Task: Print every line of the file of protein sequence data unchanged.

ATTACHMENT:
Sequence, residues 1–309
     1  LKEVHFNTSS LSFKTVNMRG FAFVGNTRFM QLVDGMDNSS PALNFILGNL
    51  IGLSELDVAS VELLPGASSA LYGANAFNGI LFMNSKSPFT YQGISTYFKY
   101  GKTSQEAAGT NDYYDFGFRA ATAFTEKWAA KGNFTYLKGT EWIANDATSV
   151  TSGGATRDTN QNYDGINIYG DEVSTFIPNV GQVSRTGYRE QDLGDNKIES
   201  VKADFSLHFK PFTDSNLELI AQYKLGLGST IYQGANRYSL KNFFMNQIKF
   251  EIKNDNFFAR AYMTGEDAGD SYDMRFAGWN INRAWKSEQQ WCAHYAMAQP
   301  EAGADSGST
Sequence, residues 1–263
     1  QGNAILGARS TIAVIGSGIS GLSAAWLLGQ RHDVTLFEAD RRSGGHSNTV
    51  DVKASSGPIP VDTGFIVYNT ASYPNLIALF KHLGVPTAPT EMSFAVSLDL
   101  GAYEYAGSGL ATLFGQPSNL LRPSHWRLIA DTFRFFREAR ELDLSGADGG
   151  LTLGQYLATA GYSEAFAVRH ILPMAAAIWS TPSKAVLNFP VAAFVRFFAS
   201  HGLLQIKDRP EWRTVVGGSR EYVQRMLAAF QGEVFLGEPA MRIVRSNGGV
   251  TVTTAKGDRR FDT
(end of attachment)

Sequence, residues 1–309
     1  LKEVHFNTSS LSFKTVNMRG FAFVGNTRFM QLVDGMDNSS PALNFILGNL
    51  IGLSELDVAS VELLPGASSA LYGANAFNGI LFMNSKSPFT YQGISTYFKY
   101  GKTSQEAAGT NDYYDFGFRA ATAFTEKWAA KGNFTYLKGT EWIANDATSV
   151  TSGGATRDTN QNYDGINIYG DEVSTFIPNV GQVSRTGYRE QDLGDNKIES
   201  VKADFSLHFK PFTDSNLELI AQYKLGLGST IYQGANRYSL KNFFMNQIKF
   251  EIKNDNFFAR AYMTGEDAGD SYDMRFAGWN INRAWKSEQQ WCAHYAMAQP
   301  EAGADSGST
Sequence, residues 1–263
     1  QGNAILGARS TIAVIGSGIS GLSAAWLLGQ RHDVTLFEAD RRSGGHSNTV
    51  DVKASSGPIP VDTGFIVYNT ASYPNLIALF KHLGVPTAPT EMSFAVSLDL
   101  GAYEYAGSGL ATLFGQPSNL LRPSHWRLIA DTFRFFREAR ELDLSGADGG
   151  LTLGQYLATA GYSEAFAVRH ILPMAAAIWS TPSKAVLNFP VAAFVRFFAS
   201  HGLLQIKDRP EWRTVVGGSR EYVQRMLAAF QGEVFLGEPA MRIVRSNGGV
   251  TVTTAKGDRR FDT